Together with slip, deformation twinning and de-twinning are the plastic deformation mechanisms in hexagonal close packed (HCP) crystals, which strongly affect texture evolution and anisotropic response. As a consequence, several twinning models have been proposed and implemented in the existing polycrystalline plasticity models. De-twinning is an inverse process with respect to twinning, which is relevant to cycling, fatigue and complex loads but is rarely incorporated into polycrystalline plastic models. In this paper, we propose a physics-based twinning and de-twinning (TDT) model that has the capability of dealing with both mechanisms during plastic deformation. The TDT model is characterized by four deformation mechanisms corresponding to twin nucleation, twin growth, twin shrinkage and re-twinning. Twin nucleation and twin growth are associated with deformation twinning, and twin shrinkage and re-twinning are associated with de-twinning. The proposed TDT model is implemented in the Elasto-Visco-Plastic Self-Consistent (EVPSC) model. We demonstrate the validity and the capability of the TDT model by simulating cyclic loading of magnesium alloys AZ31B plate and AZ31 bar. Comparison with the measurements indicates that the TDT model is able to capture the key features observed in experiments, implying that the mechanical response in the simulated materials is mainly associated with twinning and de-twinning.
Ferritic–martensitic dual phase (DP) steels deform spatially in a highly heterogeneous manner, with strong strain and stress partitioning at the micro-scale. Such heterogeneity in local strain evolution leads in turn to a spatially heterogeneous damage distribution, and thus, plays an important role in the process of damage inheritance and fracture. To understand and improve DP steels, it is important to identify connections between the observed strain and damage heterogeneity and the underlying microstructural parameters, ferrite grain size, martensite distribution, martensite fraction, etc. In this work we pursue this aim by conducting deformation experiments on two different DP steel grades, employing two different microscopic-digital image correlation (μDIC) techniques to achieve microstructural strain maps of representative statistics and high-resolution. The resulting local strain maps are analyzed in connection to the observed damage incidents (identified by image post-processing) and to local stress maps (obtained from crystal plasticity (CP) simulations of the same microstructural area). The results reveal that plasticity is typically initiated within “hot zones” with larger ferritic grains and lower local martensite fraction. With increasing global deformation, damage incidents are most often observed in the boundary of such highly plastified zones. High-resolution μDIC and the corresponding CP simulations reveal the importance of martensite dispersion: zones with bulky martensite are more susceptible to macroscopic localization before the full strain hardening capacity of the material is consumed. Overall, the presented joint analysis establishes an integrated computational materials engineering (ICME) approach for designing advanced DP steels.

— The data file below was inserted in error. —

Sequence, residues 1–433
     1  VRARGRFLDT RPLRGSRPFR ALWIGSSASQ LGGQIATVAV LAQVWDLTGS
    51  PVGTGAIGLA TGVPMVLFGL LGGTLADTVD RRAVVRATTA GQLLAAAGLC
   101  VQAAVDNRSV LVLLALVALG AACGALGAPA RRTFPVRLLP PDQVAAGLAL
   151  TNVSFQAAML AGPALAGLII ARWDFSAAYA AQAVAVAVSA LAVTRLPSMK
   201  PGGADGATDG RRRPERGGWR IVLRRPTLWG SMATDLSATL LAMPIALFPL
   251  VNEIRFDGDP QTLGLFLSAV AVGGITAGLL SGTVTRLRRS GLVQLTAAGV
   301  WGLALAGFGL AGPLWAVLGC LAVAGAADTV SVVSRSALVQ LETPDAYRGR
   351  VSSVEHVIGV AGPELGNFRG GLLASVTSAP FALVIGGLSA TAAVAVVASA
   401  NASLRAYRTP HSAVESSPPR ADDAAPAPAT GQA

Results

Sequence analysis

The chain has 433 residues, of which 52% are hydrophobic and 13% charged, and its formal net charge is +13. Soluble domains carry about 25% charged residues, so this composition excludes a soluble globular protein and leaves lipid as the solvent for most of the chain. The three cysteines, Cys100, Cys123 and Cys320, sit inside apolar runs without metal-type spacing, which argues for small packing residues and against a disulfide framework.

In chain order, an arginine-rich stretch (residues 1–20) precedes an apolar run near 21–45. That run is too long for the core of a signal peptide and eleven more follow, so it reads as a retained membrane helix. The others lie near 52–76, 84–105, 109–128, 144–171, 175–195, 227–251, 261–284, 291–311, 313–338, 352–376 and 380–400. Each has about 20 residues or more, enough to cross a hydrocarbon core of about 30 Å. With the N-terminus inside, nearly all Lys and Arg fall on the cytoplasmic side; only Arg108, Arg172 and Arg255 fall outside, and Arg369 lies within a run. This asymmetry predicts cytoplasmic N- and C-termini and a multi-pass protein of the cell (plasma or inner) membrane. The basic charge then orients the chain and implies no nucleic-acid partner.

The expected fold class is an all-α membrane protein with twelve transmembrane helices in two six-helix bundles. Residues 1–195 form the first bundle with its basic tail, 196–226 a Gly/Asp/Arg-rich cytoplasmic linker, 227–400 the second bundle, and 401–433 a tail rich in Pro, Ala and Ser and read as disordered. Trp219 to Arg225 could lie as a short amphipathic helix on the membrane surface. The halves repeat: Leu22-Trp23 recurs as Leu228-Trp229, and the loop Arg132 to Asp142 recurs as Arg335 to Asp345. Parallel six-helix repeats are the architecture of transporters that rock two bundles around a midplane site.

► New model captures the smooth transition in the thermal and mechanical responses. ► New model considers effect of stress magnitude on recoverable deformation magnitude. ► New model adds stress dependency to the concept of critical thermodynamic force. ► Full numerical implementation of the model in an efficient scheme is described. ► Experimental results compared to analysis predictions, demonstrating accuracy. This work presents new developments in the thermomechanical constitutive modeling of shape memory alloys (SMAs). The proposed phenomenological constitutive model is motivated by the earlier work of and considers three characteristics of SMA response that have not been addressed in a unified manner to date. First, it captures the smooth transition in the thermal and mechanical responses often observed as the martensitic transformation is initiated and completed. Secondly, it considers the effect of applied stress magnitude on the generation of favored martensitic variants without explicitly considering the process of martensitic reorientation, resulting in a computationally efficient and accurate analysis tool. Finally, it generalizes the concept of the critical thermodynamic forces for transformation, which become dependent on transformation direction and applied stress magnitude. These improvements, introduced within a thermodynamically consistent mathematical framework, increase model fidelity over a wide range of SMA material systems. The full numerical implementation of the model in an efficient scheme is described. Experimental results associated with various thermomechanical paths are compared to the analysis predictions, including stress-induced and thermally induced transformations under uniaxial and non-proportional mechanical loads. Stress-free calorimetric results are also simulated. Analysis of a boundary value problem considering large rotations and local non-proportional loadings is described.